MORITA v. The STATE.
Wayne Morita appeals after a jury convicted him of kidnapping with bodily injury, rape, aggravated sodomy, aggravated child molestation, aggravated assault, and cruelty to children in the first degree. Morita contends the evidence was insufficient to support the verdict, the trial court erred in admitting similar transaction evidence, erred in refusing to give a requested jury charge on DNA, and erred in refusing to grant a mistrial after a witness stated that Morita was seeing a psychiatrist. For the following reasons, we conclude there was no reversible error and affirm.
The evidence at trial, taken in the light most favorable to the verdict, was as follows. On the day of the attack, Morita enticed the victim, K.M., who was five years of age at the time, into his SUV and drove her to some woods approximately two miles away. Morita raped and sodomized the victim, then strangled her and left her for dead under a pile of leaves and twigs. The victim regained consciousness and walked out of the woods. A man whose truck had gotten stuck on a gravel road saw her and radioed for help. K.M. was bleeding from the mouth and vagina and was naked. The doctor who treated K.M. testified that she had a long, deep vaginal tear, several anal tears, and injuries consistent with strangulation.
K.M. was able to describe the man who attacked her, and police circulated a composite sketch from her description. After seeing the sketch, Morita's former boss called police and gave them Morita's name.
The State also introduced DNA evidence. DNA testing showed that the two profiles on one of the rectal swabs taken matched that of the victim and Morita. The State's expert testified that the frequency of the DNA that was shared between Morita and the sample recovered from the rectal swab was approximately one in two billion in the Caucasian population.
There was also evidence that, when questioned by police as to his whereabouts on the day of the attack, Morita claimed he had been working. When investigators said they would check his time card, Morita told them the time cards would have been destroyed. In fact, his time card was not destroyed and showed that Morita did not work that day. The State introduced pictures showing scratch marks on Morita's arms and wrists and also pictures of his vehicle, a dark Ford Bronco which matched the description given by the victim.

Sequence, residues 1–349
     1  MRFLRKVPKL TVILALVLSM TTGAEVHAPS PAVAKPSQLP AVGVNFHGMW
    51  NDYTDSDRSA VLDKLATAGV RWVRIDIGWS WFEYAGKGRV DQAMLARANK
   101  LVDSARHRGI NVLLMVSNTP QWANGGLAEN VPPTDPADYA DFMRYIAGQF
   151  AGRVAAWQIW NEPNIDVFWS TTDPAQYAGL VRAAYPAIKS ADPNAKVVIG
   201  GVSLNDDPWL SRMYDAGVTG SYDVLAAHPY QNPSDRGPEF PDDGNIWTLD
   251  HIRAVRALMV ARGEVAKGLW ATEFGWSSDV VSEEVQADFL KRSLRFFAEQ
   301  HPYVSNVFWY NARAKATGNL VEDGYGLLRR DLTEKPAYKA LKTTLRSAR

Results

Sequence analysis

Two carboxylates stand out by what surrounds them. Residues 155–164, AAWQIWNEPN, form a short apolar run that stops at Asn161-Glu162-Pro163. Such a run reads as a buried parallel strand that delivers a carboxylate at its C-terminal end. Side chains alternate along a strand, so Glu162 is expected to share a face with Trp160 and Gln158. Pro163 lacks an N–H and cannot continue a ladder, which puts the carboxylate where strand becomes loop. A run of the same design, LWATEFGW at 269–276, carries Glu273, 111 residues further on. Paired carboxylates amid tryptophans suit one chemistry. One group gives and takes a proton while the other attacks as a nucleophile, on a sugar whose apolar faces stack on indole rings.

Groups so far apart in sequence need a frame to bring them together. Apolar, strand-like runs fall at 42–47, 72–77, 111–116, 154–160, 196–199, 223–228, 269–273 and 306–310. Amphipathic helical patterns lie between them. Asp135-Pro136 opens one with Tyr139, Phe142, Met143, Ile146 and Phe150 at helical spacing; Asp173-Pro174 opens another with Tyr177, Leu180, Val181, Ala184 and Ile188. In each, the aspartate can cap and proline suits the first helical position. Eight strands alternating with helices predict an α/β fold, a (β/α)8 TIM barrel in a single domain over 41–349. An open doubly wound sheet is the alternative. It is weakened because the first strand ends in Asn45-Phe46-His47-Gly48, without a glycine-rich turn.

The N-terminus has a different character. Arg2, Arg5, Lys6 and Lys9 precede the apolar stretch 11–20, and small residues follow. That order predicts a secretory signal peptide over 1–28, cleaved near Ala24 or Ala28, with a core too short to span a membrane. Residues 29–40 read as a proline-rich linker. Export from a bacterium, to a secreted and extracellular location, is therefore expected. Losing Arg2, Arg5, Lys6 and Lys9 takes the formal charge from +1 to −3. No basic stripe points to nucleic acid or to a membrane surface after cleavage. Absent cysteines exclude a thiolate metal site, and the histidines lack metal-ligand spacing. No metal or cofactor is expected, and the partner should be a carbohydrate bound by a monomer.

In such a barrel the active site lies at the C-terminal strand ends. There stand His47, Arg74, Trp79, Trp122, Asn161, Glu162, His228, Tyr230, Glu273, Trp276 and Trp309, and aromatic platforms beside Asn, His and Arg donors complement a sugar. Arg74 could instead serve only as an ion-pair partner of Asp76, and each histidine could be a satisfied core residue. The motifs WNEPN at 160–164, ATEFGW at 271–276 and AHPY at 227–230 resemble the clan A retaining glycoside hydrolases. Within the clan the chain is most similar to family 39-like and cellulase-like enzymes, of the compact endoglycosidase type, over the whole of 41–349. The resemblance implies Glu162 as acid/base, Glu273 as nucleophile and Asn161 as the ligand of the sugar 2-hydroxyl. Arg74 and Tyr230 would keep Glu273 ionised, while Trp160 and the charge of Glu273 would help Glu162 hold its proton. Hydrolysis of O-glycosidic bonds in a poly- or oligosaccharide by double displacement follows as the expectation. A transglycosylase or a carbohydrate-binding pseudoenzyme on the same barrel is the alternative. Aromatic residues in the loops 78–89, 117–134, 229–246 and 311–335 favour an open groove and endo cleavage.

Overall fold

The State also introduced similar transaction evidence. The victim in that case, S.S., was 11 years of age at the time and lived in the same apartment complex as Morita. One night when the victim was sleeping, Morita broke into her apartment and went into her bedroom. He rubbed her breasts and vagina and, after she awoke, put his hand over her mouth and took her from the apartment. Morita then took her into the woods and tied her to a chair. Morita left and then came back but the victim had gotten free and had recognized him. Morita admitted to kidnapping the victim and also stated that he thought about hitting her with a rock as she walked away but did not do so.
1. The evidence was sufficient to support the verdict.
On appeal from a criminal conviction, the evidence must be viewed in the light most favorable to the verdict and the [defendant] no longer enjoys the presumption of innocence; moreover, an appellate court does not weigh the evidence or determine witness credibility but only determines whether the evidence is sufficient under the standard of Jackson v. Virginia, 443 U.S. 307, 99 S.Ct. 2781, 61 L.Ed.2d 560 [ (1979) ]. Howard v. State, 261 Ga. 251, 252, 403 S.E.2d 204 [ (1991) ]; King v. State, 213 Ga.App. 268, 269, 444 S.E.2d 381 [ (1994) ].
Dolphus v. State, 218 Ga.App. 565, 566, 462 S.E.2d 453 (1995).
2. Morita also claims the trial court erred in admitting the similar transaction evidence. The law in Georgia is that in order for evidence of independent offenses or acts to be admitted into evidence, a hearing must be held pursuant to Uniform Superior Court Rule 31.3(B). At that hearing, the State must show that (1) it seeks to introduce evidence of the independent offense or act, not to raise an improper inference as to the accused's character, but for some appropriate purpose which has been deemed to be an exception to the general rule of inadmissibility; (2) there is sufficient evidence to establish that the accused committed the independent offense or act; and (3) there is a sufficient connection or similarity between the independent offense or act and the crime charged so that proof of the former tends to prove the latter. Williams v. State, 261 Ga. 640, 642, 409 S.E.2d 649 (1991).
In this case, it is undisputed that Morita committed the similar transaction offense. Further, the State sought to introduce the evidence to show motive, bent of mind, modus operandi, and the lustful disposition of the defendant.